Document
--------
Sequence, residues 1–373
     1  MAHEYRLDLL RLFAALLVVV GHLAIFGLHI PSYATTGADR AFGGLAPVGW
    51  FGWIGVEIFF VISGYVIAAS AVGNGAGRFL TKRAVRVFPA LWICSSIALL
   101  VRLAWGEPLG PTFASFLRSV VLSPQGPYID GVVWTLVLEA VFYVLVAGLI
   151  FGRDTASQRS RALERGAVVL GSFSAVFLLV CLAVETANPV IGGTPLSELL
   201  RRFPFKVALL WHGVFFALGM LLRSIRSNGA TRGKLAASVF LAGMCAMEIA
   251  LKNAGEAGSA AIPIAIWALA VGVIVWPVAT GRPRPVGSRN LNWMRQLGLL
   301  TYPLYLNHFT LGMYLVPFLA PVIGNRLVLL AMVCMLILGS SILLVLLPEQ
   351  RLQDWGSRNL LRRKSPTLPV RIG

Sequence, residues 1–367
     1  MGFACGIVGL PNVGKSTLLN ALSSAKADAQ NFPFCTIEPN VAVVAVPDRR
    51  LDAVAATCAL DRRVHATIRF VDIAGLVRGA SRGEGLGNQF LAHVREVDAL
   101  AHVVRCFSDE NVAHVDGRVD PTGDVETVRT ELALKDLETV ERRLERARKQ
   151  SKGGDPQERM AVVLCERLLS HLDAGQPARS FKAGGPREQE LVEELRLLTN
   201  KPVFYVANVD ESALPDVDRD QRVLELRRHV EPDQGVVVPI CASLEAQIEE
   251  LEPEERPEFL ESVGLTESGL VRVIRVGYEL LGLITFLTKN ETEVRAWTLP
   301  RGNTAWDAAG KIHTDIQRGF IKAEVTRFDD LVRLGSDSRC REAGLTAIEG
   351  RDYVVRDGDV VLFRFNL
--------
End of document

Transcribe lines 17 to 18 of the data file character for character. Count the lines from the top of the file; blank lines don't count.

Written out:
   301  RGNTAWDAAG KIHTDIQRGF IKAEVTRFDD LVRLGSDSRC REAGLTAIEG
   351  RDYVVRDGDV VLFRFNL